When the context is drawing a path and its subpaths, this is the method that puts an end to the current path and starts a new path using the same context. You still have to use the moveTo() method for the new path.

context . stroke()
    paints the subpaths of the current path (or the given path) with the current stroke color  or style.

context . fill()
    Fills the subpaths of the current path (or the given path) with the current fill color or style.

context . isPointInPath(x, y)
    Returns true if the given point is in the current path.

context . drawFocusIfNeeded(element)
    Informs the user of the canvas location for the fallback element, based on the current path. If the given element has focus, draws a focus outline around the current path following the platform or user agent conventions for focus outlines as defined by the user agent.

Fill and Stroke Styles
To determine the style for the fill() and stroke method you have to use the corresponding method below:

context . strokeStyle [ = value ]
    Returns the current style used for stroking shapes. Can be set, to change the stroke style. The style can be either a string containing a CSS color, or a CanvasGradient or CanvasPattern object see later.

context . fillStyle [ = value ]
    Returns the current style used for filling shapes. Can be set, to change the fill style. The style can be either a string containing a CSS color, or a CanvasGradient or CanvasPattern object see later.

Note: fillStyle provides the color or style for the fill() method that fills the inside of a closed path structure (e.g. triangle, rectangle, circle). On the other hand, strokeStyle provides the color or style for the stroke() method for a path, which may be a closed path.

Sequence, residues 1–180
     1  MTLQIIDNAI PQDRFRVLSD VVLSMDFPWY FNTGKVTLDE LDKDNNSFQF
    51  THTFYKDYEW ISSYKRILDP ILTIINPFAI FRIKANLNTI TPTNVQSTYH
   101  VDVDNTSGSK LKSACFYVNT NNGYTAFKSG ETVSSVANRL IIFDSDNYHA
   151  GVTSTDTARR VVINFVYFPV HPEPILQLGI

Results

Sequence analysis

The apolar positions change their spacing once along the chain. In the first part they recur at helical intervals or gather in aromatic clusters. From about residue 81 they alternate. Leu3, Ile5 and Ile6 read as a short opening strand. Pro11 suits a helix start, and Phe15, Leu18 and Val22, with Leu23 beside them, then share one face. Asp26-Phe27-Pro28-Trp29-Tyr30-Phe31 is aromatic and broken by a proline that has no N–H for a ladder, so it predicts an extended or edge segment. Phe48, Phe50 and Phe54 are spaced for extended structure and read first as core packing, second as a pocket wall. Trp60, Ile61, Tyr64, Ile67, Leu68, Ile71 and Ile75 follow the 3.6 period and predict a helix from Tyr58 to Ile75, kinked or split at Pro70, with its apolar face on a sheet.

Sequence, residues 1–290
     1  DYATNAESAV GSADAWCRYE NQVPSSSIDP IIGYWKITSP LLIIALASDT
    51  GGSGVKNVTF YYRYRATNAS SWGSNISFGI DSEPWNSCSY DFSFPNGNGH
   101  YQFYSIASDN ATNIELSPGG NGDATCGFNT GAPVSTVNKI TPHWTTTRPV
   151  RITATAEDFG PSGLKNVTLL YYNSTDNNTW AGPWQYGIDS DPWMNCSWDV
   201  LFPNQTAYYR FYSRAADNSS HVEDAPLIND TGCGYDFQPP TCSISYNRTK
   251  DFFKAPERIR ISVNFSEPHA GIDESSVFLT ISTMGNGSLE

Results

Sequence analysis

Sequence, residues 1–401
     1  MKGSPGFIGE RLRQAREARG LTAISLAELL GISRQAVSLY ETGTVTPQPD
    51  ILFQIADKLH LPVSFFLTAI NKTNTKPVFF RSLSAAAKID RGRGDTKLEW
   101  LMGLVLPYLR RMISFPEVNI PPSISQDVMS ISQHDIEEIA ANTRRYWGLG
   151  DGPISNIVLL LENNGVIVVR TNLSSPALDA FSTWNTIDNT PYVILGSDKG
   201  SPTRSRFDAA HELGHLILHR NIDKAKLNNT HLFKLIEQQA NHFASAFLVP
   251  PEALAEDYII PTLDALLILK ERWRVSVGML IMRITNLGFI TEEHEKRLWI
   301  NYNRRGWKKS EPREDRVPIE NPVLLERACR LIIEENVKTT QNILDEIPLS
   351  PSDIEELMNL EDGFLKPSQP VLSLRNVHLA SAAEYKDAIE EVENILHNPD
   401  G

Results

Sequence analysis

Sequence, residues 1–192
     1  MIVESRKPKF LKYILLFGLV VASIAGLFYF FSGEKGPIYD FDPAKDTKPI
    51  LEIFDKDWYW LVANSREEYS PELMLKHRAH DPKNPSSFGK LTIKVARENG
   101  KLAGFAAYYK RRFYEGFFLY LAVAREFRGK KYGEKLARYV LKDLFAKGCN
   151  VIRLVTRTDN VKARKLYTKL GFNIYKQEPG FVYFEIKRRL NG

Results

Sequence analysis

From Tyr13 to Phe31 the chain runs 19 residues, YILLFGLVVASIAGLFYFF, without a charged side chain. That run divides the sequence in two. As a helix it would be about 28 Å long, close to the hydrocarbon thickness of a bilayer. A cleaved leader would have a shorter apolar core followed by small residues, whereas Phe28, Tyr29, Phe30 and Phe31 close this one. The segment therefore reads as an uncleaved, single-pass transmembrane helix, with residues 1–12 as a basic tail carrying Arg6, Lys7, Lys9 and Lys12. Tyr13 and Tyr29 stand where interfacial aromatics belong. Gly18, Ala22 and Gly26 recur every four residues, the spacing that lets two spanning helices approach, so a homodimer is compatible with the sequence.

Example
The following code draws two triangles using the same context. The two triangles have two different path colors.

<!DOCTYPE HTML>
<html>
<head>
    <title>Illustration</title>
</head>
<body>
    <canvas id="C1" width="400" height="300" style="float:right;border:2px solid red">
    </canvas>

    <script type="text/ECMAScript">
        cv = document.getElementById('C1');
        if (cv.getContext)
            {
                cntxt = cv.getContext('2d');
                cntxt.lineWidth = 6;
                cntxt.moveTo(40,90);
                cntxt.strokeStyle = "green";
                cntxt.lineTo(100,20);
                cntxt.lineTo(150,120);
                cntxt.closePath();
                cntxt.stroke();

                cntxt.beginPath();
                cntxt.lineWidth = 6;
                cntxt.moveTo(240,90);
                cntxt.strokeStyle = "red";
                cntxt.lineTo(300,20);
                cntxt.lineTo(350,120);
                cntxt.closePath();
                cntxt.stroke();
            }  

    </script>

</body>
</html>

That is it for this part of the series.

Chrys

Related Links

DOM Basics for HTML
DOM Event Basics for HTML
HTML Text and Other Elements in DOM
HTML Grouping and Sectioning Content Elements in DOM
DOM and HTML Embedded Content
HTML Canvas 2D Context